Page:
History shows that partition and population exchange is often the least bad answer to ethnic conflict. Western reluctance to accept this fact prolonged the Bosnian war and could complicate the exodus from Kosovo. The alternative to partition in the Balkans is the presence of a large outside force-indefinitely.by Anatol Lieven / May 20, 1999 / Leave a comment
Published in May 1999 issue of Prospect Magazine
In the run-up to the Nato intervention in the Kosovo conflict, I was told by several Nato advisers: “The only question is whether Milosevic will give in just before or just after the start of air strikes.” It is easy to be wise after the event, but this phrase illuminates the multiple errors which led Nato into war. To begin with, in the whole lexicon of international relations, there is no such thing as “air strikes.” Even a limited armed attack on another country constitutes an act of war. And in war, the enemy can be expected to hit back with every means at his disposal. Furthermore, a war over Kosovo was never going to be with “Milosevic.” This war is with the Yugoslav state and the Serbian nation; like so many wars, it began between the Serbs and the Kosovo Albanians over control of a particular territory, and Nato has now ended up on the side of the Albanians. As in any war, a Nato victory will require a partial or even complete Serbian defeat.
The question now facing Nato leaders is the extent of the defeat they can or wish to inflict on the Serbs; what this comes down to, in the end, is how Kosovo is going to be divided or whether Nato means to give the whole province to the Albanians, leading to a voluntary or forced exodus of the Serb minority.
In other words, this means the terms of an ethnic partition. No significant number of Albanians will be able to live safely under Serbian rule in the future-and the much smaller, but deeply-rooted, Serbian population will also not be able to live under Albanian rule. This has become obvious in recent weeks, but the breakdown of ethnic relations in the province was evident in the 1980s; it has roots in territorial conflict going back 1,300 years, exacerbated by the Albanian role in the crushing of Serb revolts against the Ottomans and the atrocities committed by both sides in the wars since the Ottoman empire’s collapse.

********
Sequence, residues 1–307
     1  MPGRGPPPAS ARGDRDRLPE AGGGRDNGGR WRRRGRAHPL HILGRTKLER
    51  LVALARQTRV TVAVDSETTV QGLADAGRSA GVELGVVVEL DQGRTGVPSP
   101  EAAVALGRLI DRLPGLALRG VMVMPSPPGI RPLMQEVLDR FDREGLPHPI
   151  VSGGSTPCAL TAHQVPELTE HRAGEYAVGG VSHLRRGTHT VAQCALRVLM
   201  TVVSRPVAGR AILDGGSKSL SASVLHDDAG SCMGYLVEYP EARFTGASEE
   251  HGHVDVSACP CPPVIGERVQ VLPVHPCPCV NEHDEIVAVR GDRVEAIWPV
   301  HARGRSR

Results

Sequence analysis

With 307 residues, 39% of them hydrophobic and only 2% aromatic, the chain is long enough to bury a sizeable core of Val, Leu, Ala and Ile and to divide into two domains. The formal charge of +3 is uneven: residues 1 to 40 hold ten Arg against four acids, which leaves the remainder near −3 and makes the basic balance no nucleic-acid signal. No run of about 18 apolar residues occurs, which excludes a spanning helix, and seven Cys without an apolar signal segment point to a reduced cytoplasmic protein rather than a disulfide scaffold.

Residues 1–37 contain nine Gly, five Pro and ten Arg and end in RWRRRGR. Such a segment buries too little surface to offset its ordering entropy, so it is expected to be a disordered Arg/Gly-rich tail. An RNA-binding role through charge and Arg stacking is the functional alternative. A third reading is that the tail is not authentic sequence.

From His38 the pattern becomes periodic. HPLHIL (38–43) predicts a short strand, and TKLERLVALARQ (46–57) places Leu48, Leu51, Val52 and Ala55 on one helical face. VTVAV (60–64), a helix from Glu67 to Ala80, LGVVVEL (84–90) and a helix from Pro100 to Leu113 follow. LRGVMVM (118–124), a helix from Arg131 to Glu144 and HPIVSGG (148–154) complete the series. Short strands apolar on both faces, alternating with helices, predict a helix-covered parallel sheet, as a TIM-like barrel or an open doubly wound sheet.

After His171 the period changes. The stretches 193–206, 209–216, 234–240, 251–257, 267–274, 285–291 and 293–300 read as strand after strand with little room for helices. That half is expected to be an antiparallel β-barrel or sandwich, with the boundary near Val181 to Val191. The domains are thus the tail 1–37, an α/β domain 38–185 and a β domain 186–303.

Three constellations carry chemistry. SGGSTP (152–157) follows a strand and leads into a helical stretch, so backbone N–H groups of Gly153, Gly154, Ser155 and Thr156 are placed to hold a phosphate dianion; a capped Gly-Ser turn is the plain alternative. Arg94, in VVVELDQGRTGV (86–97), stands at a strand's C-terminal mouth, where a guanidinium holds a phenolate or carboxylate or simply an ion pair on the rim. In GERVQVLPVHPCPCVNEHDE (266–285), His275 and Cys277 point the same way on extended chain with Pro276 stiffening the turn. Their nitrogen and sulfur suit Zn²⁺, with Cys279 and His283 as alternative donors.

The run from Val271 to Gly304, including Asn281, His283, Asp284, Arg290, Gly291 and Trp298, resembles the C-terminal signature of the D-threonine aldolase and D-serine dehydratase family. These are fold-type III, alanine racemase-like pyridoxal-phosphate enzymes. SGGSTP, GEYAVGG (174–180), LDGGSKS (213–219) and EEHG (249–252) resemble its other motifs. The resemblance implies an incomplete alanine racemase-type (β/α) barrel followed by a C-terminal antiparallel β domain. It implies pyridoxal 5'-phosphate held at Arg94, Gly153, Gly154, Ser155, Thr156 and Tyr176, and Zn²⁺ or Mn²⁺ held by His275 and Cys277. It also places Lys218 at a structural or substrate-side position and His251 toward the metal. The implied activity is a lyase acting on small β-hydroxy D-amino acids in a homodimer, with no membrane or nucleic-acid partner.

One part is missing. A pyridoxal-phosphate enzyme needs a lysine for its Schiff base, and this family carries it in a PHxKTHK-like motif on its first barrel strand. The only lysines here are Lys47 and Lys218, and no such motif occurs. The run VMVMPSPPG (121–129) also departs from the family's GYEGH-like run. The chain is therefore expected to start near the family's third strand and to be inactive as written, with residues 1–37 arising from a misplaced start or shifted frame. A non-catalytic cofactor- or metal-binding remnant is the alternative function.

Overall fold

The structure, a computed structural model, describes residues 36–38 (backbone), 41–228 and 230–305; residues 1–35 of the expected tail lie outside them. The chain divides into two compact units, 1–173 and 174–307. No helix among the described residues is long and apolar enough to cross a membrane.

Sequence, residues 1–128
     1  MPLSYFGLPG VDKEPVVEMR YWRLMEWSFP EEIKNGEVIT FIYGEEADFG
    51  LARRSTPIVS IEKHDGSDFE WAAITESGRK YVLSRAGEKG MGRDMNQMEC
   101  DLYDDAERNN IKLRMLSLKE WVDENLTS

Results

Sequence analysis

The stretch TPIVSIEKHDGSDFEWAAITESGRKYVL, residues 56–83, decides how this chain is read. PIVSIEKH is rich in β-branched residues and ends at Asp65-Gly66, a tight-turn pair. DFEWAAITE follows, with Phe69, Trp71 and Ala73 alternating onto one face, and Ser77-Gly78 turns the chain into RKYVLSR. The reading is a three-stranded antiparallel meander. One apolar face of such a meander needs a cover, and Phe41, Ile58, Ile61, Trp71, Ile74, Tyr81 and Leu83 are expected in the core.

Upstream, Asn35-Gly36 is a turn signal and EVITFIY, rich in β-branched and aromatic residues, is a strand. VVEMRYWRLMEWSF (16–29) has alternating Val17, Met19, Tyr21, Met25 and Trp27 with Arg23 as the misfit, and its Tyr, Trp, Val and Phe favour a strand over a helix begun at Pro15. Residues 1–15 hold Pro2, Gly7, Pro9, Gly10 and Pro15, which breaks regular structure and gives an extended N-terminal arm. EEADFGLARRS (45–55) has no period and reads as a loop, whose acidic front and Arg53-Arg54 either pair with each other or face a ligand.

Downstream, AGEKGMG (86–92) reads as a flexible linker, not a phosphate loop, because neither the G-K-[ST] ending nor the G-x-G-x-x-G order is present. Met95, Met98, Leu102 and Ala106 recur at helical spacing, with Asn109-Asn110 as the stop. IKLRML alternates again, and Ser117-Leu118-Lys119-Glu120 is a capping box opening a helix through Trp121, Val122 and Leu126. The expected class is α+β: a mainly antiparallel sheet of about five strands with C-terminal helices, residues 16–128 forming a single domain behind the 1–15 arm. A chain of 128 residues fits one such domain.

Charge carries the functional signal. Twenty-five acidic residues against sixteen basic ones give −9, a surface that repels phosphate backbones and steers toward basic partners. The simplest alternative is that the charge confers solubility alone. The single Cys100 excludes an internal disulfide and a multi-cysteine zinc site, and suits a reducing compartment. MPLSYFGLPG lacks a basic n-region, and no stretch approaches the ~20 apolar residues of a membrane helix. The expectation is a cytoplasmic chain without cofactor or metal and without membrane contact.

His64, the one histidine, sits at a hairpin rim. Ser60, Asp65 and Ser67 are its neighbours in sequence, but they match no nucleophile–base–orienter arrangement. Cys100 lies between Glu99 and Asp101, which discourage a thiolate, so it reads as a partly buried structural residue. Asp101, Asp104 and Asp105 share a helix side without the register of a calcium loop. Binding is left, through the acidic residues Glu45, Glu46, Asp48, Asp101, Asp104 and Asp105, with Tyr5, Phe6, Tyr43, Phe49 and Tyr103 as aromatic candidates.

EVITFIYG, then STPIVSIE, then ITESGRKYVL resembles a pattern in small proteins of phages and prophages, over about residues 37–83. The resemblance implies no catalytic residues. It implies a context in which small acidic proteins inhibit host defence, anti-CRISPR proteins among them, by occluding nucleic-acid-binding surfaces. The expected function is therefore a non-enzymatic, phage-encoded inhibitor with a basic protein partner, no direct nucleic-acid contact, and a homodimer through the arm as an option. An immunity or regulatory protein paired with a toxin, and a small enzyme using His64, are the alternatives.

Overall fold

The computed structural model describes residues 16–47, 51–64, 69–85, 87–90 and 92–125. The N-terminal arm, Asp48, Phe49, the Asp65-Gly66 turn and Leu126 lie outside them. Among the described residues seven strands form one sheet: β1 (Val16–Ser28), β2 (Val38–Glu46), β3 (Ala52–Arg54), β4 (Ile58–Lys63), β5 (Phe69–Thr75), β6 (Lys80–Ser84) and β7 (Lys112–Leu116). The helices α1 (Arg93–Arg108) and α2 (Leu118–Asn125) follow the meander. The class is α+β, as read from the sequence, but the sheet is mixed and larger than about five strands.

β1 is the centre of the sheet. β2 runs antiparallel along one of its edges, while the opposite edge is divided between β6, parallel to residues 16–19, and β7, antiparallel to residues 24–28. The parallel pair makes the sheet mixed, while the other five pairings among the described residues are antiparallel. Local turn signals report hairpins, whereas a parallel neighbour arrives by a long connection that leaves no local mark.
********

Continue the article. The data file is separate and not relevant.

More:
War is a school of realism, a solvent of established beliefs and an impetus to harsh, but clear decisions. The fact that, in going to war, Nato has stepped outside the usual bounds of international legality (such as it is), should help us to take a hard look at some of the shibboleths on which western policy towards ethnic conflicts have been founded. Having gone to war to prevent the violent suppression of an ethnic rebellion, and having-as will surely be the case-gone on to divide up a state, it would be strange now to return to a rigid adherence to the principles of territorial integrity. The fact that our servicemen are risking their lives in a conflict in which Britain’s interests are hardly at stake, should make us focus on what history can tell us about achieving lasting ethnic settlements.